Legal Business

Aviation: Further consolidation predicted as Aegean acquisition of Olympic approved

Aviation: Further consolidation predicted as Aegean acquisition of Olympic approved

Aviation lawyers expect further consolidation within the airline industry as Aegean Airlines was on Wednesday (9 October) given the all clear to buy troubled Olympic Air, led by White & Case and Baker & McKenzie.

The European Commission (EC) took the first-time step of reversing its earlier decision to block an acquisition attempt in 2011, approving the buyout from investment group Marfin.

Aegean was represented by White & Case led by Brussels-based competition partners Mark Powell and Assimakis Komninos. Baker’s competition partner Gavin Bushell, also based in Brussels, assisted Aegean on the transaction.

Komninos said: ‘The decision is very welcome news for the Greek airline sector and for Greek passengers as it will permit badly needed consolidation that will allow Aegean to compete more aggressively on the European stage.’

One aviation partner at a top City firm added: ‘The Olympic Air saga was a Greek tragedy. The EC had ruled [in 2002] that the airline had received illegal state aid that must be paid back. With Greece on its knees Olympic collapsed into insolvency.’

The EC’s decision to reverse its 2011 ruling was largely based on the fact that if Aegean was not permitted to acquire Olympic, it would cease trading. As reported by Reuters, EU Competition Commissioner Joaquin Almunia said: ‘It is clear that, due to the ongoing Greek crisis and given Olympic’s own very difficult financial situation, Olympic would be forced to leave the market soon in any event,’ adding that the merger would have no additional negative effect on competition.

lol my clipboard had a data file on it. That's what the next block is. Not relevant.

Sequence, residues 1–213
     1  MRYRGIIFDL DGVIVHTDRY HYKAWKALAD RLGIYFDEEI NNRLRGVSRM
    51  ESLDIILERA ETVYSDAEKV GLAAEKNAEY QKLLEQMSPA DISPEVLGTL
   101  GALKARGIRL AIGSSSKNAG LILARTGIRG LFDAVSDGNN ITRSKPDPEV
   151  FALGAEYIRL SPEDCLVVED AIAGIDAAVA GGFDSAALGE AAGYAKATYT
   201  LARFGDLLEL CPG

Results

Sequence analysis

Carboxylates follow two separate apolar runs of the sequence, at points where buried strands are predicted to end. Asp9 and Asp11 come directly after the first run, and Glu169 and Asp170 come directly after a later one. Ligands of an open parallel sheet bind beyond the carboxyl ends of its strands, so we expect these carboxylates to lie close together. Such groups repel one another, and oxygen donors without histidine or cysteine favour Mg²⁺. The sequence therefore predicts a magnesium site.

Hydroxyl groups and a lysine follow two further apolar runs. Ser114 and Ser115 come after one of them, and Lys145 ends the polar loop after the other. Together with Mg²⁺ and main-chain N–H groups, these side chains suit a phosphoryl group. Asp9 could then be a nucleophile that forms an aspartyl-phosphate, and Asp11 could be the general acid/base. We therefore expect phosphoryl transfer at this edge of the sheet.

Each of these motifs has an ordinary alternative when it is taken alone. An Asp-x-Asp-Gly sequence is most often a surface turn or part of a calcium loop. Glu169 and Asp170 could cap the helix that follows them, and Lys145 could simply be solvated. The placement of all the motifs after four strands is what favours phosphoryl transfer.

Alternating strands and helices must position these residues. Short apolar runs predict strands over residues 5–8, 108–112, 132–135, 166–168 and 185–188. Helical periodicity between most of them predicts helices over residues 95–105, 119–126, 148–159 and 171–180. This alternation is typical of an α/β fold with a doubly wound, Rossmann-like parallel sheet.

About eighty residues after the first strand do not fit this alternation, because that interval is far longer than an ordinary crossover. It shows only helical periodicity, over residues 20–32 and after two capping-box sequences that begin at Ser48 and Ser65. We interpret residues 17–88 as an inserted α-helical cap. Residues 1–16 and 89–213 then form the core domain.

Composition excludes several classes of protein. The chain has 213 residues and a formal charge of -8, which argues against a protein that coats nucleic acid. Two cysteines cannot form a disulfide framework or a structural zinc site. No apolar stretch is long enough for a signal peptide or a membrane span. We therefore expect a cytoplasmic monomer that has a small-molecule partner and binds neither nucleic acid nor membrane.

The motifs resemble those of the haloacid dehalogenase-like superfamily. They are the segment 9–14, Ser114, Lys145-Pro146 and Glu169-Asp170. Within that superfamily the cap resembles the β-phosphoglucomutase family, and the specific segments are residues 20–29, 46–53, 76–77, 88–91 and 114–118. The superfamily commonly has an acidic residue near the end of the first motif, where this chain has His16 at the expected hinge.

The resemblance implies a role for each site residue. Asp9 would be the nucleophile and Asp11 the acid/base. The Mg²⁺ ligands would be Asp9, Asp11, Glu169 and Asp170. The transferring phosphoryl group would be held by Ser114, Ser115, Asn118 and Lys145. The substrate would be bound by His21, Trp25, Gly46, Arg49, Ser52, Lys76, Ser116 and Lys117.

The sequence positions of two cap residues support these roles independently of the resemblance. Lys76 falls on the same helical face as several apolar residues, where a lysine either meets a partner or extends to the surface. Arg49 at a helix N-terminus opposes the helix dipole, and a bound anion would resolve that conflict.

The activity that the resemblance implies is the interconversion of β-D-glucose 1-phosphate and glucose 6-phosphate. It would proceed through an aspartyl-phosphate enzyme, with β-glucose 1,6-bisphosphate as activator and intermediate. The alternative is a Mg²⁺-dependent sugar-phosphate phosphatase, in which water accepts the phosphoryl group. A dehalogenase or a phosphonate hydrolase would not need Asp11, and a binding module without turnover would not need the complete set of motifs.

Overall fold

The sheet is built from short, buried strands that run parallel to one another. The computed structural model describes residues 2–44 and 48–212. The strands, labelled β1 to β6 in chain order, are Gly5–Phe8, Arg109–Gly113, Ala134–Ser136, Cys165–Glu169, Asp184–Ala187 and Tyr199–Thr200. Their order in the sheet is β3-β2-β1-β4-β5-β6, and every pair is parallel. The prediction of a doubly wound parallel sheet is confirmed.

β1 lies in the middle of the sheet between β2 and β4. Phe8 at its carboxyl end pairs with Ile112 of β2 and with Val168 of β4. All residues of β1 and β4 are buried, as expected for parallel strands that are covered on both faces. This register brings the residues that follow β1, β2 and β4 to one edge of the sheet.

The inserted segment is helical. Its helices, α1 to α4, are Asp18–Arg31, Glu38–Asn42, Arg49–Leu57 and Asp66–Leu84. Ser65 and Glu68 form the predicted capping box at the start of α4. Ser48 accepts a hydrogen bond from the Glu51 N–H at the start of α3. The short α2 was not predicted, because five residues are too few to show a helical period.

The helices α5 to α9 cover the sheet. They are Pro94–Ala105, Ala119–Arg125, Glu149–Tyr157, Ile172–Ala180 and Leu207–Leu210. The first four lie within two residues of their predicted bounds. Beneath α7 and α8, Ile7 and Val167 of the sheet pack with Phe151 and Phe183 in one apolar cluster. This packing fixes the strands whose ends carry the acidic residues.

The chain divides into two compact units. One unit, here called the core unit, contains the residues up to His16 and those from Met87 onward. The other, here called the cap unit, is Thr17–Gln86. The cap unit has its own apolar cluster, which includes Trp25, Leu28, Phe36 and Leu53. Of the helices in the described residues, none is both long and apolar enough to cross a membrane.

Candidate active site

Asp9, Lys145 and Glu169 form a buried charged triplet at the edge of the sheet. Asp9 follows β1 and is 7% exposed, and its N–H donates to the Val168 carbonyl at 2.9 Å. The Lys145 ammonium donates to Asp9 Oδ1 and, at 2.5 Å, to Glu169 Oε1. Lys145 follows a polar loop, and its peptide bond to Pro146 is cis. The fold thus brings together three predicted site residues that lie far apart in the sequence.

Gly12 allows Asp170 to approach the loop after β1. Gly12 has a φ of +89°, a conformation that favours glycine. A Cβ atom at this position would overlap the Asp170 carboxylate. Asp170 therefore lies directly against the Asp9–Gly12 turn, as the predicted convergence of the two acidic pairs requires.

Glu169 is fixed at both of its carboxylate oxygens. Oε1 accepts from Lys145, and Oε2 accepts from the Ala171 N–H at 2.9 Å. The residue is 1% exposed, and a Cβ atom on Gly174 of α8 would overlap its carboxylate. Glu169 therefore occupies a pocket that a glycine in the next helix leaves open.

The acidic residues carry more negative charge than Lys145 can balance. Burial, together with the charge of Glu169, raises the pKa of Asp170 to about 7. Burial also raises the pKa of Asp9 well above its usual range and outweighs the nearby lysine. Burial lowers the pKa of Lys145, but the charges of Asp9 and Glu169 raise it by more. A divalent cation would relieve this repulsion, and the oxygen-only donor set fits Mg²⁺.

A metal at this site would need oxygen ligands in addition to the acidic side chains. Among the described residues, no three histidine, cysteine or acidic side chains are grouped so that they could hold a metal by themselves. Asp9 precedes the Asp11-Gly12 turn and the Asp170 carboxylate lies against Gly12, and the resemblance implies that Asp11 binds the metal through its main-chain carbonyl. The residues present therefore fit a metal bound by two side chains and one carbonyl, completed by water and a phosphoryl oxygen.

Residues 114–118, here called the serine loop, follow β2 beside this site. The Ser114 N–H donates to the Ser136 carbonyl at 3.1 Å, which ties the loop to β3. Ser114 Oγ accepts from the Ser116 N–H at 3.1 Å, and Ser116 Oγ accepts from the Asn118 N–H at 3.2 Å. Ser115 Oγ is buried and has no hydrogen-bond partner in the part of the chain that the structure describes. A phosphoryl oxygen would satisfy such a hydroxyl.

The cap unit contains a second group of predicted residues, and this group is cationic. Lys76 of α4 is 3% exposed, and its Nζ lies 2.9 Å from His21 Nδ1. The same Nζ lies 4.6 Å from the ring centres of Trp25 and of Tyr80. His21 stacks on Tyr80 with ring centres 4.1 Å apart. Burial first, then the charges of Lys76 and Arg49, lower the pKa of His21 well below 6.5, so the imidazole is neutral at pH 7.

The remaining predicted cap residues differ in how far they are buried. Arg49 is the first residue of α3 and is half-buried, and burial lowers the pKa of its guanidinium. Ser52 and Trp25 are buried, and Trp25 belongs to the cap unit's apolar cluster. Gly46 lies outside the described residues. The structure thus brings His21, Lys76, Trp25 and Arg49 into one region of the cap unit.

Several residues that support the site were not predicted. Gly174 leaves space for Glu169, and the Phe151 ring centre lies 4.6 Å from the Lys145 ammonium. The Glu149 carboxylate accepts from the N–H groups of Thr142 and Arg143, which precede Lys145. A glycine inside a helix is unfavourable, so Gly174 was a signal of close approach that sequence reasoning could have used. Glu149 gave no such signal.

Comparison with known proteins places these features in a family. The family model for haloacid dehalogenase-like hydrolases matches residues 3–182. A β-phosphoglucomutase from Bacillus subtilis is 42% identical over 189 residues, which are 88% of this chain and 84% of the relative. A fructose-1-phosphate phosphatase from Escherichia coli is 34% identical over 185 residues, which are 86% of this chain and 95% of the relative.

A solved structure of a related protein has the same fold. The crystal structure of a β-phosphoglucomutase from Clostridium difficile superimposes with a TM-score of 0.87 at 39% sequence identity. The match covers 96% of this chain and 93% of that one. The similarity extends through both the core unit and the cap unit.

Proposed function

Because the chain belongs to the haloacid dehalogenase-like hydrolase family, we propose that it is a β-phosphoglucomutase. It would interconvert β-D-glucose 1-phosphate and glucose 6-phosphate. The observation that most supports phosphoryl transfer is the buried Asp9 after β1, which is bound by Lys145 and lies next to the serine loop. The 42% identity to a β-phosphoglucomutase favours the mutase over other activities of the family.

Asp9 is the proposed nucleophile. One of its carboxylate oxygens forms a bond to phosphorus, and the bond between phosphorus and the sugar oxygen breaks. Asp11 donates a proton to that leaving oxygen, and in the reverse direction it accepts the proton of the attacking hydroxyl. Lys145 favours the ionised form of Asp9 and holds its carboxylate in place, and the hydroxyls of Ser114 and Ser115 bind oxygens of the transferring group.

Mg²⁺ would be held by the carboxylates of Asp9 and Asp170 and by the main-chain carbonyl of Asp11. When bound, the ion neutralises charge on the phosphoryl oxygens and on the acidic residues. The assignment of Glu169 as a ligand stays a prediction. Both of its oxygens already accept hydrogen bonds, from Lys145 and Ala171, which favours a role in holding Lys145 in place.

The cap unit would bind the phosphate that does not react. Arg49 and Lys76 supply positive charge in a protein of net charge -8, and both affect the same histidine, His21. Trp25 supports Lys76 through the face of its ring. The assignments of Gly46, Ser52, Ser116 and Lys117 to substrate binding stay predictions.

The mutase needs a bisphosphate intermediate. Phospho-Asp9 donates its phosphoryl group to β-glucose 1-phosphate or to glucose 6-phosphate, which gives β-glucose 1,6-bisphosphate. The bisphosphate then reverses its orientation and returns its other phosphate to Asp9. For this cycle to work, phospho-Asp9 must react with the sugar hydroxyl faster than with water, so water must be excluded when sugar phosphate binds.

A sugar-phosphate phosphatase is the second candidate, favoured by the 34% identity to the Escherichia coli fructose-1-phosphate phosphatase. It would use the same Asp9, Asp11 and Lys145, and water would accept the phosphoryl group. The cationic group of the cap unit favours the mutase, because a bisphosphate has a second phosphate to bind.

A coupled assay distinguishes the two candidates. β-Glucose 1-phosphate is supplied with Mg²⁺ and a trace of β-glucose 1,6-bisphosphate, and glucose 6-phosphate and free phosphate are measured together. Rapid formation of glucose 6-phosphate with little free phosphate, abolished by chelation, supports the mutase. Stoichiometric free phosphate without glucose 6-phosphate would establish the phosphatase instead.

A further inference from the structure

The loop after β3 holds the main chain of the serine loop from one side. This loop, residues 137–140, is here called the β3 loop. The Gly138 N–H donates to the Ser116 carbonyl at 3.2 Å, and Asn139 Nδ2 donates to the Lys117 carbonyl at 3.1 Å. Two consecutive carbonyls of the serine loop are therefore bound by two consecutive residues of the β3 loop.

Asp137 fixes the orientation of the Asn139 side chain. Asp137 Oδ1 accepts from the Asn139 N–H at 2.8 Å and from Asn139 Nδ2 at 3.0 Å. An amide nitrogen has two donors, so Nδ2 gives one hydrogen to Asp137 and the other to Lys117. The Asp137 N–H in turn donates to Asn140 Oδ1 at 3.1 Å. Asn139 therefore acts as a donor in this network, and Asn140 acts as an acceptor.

The move comes as aviation lawyers predict further consolidation at the smaller end of the market, with one aviation partner commenting: ‘People are still making money in aviation, although it is a difficult period for the industry. I fully expect some airlines to go bust this winter.’

This situation is in stark contrast with the proposed $11bn merger between dominant American Airlines and US Airways, which was blocked by the US Justice Department this summer. The deal, which would have created the world’s biggest airline, saw a clutch of leading US firms secure roles including Latham & Watkins, Weil Gotshal & Manges, Paul Hastings, Debevoise & Plimpton and K&L Gates.

Legal Business

White & Case continues capital markets drive as Milan boasts full DCM suite

White & Case continues capital markets drive as Milan boasts full DCM suite

White & Case has made no secret of its strategic objective to boost its global capital markets capability and last week saw a debt capital markets (DCM) team join in Milan from Magic Circle rival Allen & Overy (A&O).

A&O’s DCM and regulatory partner Paola Leocani (pictured) joins the Milan office alongside counsel Elena Radicella Chiaramonte, two senior associates, an associate and two trainees.

Rated by Legal 500 as third-tier for ECM and DCM in Italy, White & Case claims that it is now one of the only firms in the region with a full spectrum of capital markets and regulatory services across products, at a time when Italy has seen a decrease in bank lending and a corresponding growth in DCM.